Don’t solve problems in improv. If there’s a fire on stage we want to throw gas on it, not water.
A lot of group games start with problem statements. “We need to…” “Let’s figure out…” “Brainstorm time!” The problem with problems is that when we’re focused on working up a solution we too often deprioritize emotional in-the-moment reactions which in improv are always more powerful that clever dialogue.
Hey Everybody mechanics keep us focused on heightening patterns of emotional behavior, helping us to exacerbate problems instead of alleviating them.
Want proof? Watch this.
Isn’t it more fun to see the facilitator not getting his problem solved?
The sequence of contributions varies with each pass but this game is held together by character, commitment and collaboration.
As facilitator, Elliot’s character is central. He remains focused on his issue while accepting players’ contributions that do nothing to solve his issue. And he allows the conflict to be implicit; he never once gets overtly frustrated and/or chastise players’ suggestions. To the contrary, the audience loves his acceptance of his fellow players because they know he’s not being helped. “Girl Scouts have small hands” “Great ideas, guys,” gets one of the biggest laughs because the audience empathizes with him.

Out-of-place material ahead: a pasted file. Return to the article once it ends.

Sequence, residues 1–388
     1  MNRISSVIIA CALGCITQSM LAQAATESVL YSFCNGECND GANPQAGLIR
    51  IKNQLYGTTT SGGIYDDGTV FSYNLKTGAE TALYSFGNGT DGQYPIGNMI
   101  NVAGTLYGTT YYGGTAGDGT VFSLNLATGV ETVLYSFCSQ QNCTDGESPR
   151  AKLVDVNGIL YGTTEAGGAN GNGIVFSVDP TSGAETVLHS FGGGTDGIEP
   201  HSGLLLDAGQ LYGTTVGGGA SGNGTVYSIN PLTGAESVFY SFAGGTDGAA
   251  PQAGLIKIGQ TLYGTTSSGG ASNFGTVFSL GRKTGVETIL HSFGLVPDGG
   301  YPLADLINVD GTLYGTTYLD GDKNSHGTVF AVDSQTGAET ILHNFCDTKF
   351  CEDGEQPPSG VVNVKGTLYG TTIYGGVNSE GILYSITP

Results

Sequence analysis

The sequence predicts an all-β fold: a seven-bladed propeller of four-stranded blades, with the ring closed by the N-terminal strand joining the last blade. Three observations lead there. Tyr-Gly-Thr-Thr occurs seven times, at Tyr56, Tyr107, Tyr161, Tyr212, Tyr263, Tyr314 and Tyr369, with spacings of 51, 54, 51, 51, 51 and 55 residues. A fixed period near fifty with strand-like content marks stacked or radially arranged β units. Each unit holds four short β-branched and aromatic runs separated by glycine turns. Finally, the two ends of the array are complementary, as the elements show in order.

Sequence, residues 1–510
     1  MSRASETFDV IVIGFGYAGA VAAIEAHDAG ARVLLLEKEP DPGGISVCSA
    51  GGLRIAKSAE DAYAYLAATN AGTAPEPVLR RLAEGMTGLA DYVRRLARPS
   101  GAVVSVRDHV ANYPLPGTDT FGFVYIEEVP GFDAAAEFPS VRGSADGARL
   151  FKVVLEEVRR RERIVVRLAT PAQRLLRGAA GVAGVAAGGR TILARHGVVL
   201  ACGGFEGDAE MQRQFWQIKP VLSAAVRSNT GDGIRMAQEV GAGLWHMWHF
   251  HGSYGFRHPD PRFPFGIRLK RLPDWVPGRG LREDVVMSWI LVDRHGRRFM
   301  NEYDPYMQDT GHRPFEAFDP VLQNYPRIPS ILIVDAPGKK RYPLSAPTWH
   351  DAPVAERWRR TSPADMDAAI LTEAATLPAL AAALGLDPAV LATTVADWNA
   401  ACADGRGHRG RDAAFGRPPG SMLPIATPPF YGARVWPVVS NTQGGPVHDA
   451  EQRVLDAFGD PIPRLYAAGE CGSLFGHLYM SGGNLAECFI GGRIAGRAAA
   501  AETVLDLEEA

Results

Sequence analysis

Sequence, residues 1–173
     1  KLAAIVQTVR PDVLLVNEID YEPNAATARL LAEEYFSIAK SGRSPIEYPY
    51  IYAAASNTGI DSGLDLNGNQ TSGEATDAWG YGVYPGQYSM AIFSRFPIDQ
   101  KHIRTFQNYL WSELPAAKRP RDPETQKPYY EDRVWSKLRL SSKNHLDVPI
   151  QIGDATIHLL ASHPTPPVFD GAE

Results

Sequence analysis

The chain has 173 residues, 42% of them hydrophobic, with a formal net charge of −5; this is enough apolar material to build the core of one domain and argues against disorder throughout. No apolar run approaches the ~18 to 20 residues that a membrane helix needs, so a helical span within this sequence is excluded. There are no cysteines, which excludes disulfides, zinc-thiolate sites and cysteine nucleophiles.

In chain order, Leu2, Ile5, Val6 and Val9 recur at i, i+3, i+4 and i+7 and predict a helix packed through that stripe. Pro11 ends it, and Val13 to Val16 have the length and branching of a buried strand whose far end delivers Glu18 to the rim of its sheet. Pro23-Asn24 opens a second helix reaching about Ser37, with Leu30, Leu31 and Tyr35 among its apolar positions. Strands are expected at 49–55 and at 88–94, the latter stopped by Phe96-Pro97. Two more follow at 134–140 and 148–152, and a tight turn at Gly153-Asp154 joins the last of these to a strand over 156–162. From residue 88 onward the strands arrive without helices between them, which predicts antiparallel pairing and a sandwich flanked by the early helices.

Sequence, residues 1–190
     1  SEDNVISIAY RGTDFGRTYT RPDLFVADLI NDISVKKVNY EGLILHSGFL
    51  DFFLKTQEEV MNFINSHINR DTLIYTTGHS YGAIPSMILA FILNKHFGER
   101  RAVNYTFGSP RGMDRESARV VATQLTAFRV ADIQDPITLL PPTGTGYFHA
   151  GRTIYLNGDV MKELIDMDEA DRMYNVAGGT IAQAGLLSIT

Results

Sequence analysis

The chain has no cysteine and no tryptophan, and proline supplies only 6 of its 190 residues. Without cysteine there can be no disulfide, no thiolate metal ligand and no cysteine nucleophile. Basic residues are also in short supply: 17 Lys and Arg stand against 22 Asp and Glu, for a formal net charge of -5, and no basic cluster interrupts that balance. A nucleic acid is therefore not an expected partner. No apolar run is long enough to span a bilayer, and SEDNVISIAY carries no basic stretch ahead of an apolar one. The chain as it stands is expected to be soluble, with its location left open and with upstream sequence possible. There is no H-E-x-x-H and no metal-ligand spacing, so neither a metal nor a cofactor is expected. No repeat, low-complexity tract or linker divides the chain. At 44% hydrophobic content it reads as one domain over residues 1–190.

This example showcases the power of sticking individual silos. Having first contributed “Social media,” Sarah wins a laugh with “MySpace page” to start the game’s second pass; the audience “gets” that she’s “Social media” girl and enjoy the laughter of recognition. Patrick sticks his “Made mine with brie” bit by following up with “…pepper jack” and he grows in intensity, earning the audience’s favor. Shannon’s first “Partner with the Girl Scouts; they have a good image” bit is funny because it’s random, but her “Girl Scouts have small hands” suggestion for portion control is hilarious because it’s an in-the-moment emotional response through a consistent filter.
Consitency, character and collaboration meet with Max’s contribution to earn the game’s edit. From moment one the group has united behind a chorus of enthusiastic support for each player’s contribution. These group choruses are great for pulling disparate parts together and ramping up pacing. In this case, the group’s enthusiasm is doubly funny juxtaposed against the suggestions’ failure to serve Elliot’s needs. Max has affected a fun voice that strengthens his contributions; “More macaroni” and “Big bowl of macaroni” get laughs from his character’s commitment. And then, at his place at the end of a pass, Max explains that his cousin has a submarine and they could all eat macaroni in that submarine. It’s bizarre but it feels consistent with his character. Do his team mates treat it as a bizarre contribution? No, they follow their pattern; they support one another. “Submaroni!” someone says and soon they’re all saying it. And that’s all that needs to be said.
“Submaroni!” It doesn’t need to make sense. In improv, committed character and collaboration are all the “sense” you need.
More Hey Everybody examples: